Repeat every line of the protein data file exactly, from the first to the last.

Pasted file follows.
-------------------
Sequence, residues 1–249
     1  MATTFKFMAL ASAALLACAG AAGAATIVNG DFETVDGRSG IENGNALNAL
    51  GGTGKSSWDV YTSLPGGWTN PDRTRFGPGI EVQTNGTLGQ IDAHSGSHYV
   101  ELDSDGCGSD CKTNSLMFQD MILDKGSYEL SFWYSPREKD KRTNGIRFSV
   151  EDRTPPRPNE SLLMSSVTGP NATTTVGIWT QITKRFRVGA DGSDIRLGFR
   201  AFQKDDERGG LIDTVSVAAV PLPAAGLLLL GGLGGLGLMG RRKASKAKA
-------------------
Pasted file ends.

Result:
Sequence, residues 1–249
     1  MATTFKFMAL ASAALLACAG AAGAATIVNG DFETVDGRSG IENGNALNAL
    51  GGTGKSSWDV YTSLPGGWTN PDRTRFGPGI EVQTNGTLGQ IDAHSGSHYV
   101  ELDSDGCGSD CKTNSLMFQD MILDKGSYEL SFWYSPREKD KRTNGIRFSV
   151  EDRTPPRPNE SLLMSSVTGP NATTTVGIWT QITKRFRVGA DGSDIRLGFR
   201  AFQKDDERGG LIDTVSVAAV PLPAAGLLLL GGLGGLGLMG RRKASKAKA